Six Steps to a Health Plan’s Obligation with Opioids

There are many hot-button questions when it comes to the opioid epidemic in America, including a health plan’s obligation to address the issue. While opioids are typically prescribed to relieve pain associated with surgeries and chronic illness in an effort to enhance quality of life, sadly the addiction associated with this drug can have dire consequences.

Opioid addiction comes at a high cost. While more than two million Americans are addicted to opioids, the cost of caring for those with an opioid addiction is $78.5 billion. But those who pay the highest cost for opioid addiction are those who pay with their lives – more than 20,000 people a year, and rising.

Legally, and practically, healthcare compliance ensures organizations follow the laws and regulations put in place for the purpose of providing members with the services and care promised to them. And while compliance with existing rules is appropriate, there’s room to do more.

Here are six steps a health plan can implement to protect members from opioid addiction:

1. Educate. Consider starting an education program for providers, prescribers, and members to shine a light on the risks of opioid addiction and alternative methods of pain management.

2. Identify At-risk Populations. Individuals who receive opioid medication pre-surgery are more likely to result in longer hospital stays, which in turn can increase costs. Keeping this in mind, consider flagging members who are administered opioids pre-surgery for additional quality of care measures. Online opioid risk tools provide specific risk scores based on the patient and family history of drug, alcohol, and prescription abuse, psychological diseases, and history of sexual trauma. Additional studies have shown mental health or substance abuse disorders are additional risk factors.

3. Monitor Access. Consider developing lock-in programs in the clinical management area that limit where patients can go to a doctor or pharmacy, requiring additional authorization when a patient attempts to use alternate locations.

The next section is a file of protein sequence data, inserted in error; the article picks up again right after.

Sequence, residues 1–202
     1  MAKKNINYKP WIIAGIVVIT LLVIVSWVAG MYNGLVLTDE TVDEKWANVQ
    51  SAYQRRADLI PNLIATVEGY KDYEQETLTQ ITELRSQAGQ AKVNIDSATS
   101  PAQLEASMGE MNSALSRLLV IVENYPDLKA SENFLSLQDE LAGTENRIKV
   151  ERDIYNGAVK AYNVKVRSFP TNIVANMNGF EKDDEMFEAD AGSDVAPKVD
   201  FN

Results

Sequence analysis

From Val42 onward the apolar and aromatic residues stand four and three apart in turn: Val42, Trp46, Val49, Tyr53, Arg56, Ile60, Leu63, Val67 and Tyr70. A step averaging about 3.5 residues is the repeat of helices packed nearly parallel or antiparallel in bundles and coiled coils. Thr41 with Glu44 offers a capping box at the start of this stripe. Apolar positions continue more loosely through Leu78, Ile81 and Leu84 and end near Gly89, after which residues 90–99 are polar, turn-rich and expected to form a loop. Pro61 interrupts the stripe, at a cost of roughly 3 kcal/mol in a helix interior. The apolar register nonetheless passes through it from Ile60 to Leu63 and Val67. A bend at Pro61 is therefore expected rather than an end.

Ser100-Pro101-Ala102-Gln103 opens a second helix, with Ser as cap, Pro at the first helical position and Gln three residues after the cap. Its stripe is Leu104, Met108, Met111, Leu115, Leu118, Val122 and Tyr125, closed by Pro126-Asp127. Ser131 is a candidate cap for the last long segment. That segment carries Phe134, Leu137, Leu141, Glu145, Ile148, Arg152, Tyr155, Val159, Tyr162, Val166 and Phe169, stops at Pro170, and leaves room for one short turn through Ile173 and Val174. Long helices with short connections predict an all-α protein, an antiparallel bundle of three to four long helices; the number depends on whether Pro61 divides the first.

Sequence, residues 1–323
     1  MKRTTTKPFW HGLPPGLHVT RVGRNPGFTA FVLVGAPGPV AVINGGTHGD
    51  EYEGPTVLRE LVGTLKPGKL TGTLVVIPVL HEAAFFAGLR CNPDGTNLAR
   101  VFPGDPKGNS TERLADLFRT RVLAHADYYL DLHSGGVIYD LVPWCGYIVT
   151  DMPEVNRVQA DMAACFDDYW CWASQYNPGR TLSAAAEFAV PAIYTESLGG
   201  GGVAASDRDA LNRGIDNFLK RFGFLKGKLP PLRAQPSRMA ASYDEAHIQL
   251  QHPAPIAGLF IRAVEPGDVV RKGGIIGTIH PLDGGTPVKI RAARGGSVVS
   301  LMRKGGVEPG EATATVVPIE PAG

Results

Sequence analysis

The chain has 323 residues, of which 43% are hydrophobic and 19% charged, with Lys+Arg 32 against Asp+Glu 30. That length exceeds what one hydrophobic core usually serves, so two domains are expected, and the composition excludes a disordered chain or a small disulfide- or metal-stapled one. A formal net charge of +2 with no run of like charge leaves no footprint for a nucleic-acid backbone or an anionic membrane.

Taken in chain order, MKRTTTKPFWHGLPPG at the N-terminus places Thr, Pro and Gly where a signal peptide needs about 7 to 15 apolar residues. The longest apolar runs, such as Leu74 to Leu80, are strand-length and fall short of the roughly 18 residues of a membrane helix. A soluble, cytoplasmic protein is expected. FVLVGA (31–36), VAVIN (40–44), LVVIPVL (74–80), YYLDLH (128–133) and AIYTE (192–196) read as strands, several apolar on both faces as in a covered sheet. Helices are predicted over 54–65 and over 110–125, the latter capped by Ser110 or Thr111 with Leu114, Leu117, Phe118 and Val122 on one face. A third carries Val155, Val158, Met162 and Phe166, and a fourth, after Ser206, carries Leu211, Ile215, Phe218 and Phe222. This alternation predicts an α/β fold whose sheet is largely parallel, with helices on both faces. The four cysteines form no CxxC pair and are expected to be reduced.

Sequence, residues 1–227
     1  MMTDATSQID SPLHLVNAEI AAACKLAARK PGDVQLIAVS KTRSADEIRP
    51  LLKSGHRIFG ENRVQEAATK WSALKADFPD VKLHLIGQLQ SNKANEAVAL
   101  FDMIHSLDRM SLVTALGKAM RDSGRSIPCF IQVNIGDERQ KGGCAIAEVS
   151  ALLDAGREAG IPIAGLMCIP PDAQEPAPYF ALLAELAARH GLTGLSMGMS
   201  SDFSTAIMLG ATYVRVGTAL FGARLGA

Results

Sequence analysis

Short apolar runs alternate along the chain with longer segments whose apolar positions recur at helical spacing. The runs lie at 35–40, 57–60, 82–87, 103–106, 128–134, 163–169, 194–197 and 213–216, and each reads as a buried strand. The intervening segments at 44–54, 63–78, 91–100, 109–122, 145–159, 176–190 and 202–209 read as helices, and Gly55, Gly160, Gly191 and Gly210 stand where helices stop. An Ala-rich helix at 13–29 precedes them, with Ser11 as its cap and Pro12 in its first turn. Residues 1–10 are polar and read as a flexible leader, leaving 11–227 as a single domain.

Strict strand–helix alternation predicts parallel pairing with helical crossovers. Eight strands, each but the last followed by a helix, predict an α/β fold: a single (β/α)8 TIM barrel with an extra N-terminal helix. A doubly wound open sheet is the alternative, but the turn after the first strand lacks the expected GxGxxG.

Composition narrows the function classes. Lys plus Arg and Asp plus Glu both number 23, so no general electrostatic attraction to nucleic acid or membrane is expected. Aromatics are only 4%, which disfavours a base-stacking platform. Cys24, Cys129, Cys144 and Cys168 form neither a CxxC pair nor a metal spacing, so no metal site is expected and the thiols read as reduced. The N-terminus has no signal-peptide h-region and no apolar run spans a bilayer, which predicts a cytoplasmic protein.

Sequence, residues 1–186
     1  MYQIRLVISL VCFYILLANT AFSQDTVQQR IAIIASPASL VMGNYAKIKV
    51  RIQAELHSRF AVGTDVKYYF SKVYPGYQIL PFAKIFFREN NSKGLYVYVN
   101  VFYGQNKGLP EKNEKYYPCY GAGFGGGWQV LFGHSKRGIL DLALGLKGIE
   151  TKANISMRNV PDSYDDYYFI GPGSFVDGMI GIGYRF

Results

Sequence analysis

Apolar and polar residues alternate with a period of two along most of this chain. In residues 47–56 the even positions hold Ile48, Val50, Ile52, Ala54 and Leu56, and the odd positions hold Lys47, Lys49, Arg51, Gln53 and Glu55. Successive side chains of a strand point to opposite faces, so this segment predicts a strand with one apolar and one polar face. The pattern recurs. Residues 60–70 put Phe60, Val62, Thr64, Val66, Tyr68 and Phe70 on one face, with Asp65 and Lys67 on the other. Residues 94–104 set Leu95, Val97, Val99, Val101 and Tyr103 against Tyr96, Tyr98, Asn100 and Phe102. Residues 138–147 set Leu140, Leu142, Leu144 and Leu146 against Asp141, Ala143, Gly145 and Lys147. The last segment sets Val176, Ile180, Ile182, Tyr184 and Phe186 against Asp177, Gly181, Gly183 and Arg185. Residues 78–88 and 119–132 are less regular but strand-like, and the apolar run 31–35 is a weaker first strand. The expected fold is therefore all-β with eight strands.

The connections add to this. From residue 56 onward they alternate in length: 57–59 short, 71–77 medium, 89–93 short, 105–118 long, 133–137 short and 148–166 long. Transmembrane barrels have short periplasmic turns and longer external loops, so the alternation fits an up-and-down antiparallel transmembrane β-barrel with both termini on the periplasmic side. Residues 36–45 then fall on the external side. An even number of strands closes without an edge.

4. Understand Abuse. Review your data to identify providers associated with high prescribing rates of opioid drugs, seemingly using it as a “one-size-fits-all” approach. Make sure they are educated on alternative methods of pain relief management and remind them of your organization’s policy to maintain investigative oversight of medications prescribed – both to prevent patient abuse, as well as limit any opportunity for financial gain by the provider. Also, know what high-risk member behavior looks like – create flags for your case managers for doctor shopping, emergency room hopping, and other forms of addictive behavior.

5. Invest in Treatment Programs. Current estimates show that a year of treatment can cost $6,000 to $14,000 per member. The cost of emergency room services and complications from drug abuse are much higher. Review your policies and plans to make treatment programs accessible.

6. Share Resources. Coordinate with your vendors, pharmacy benefit managers, and therapeutic pharmaceutical agents as they are also working to get in front of the opioid crisis and help their members. Working together to manage the crisis now helps everyone involved.


Authors: Jean Lyon, HMS® Vice President Product Engineering; Ed Hewitt, HMS Payment Integrity Solutions Consultant; and Joannah Lewis, HMS FWA Senior Product Specialist. Read about HMS Fraud Solutions, or contact HMS for more information related to this blog.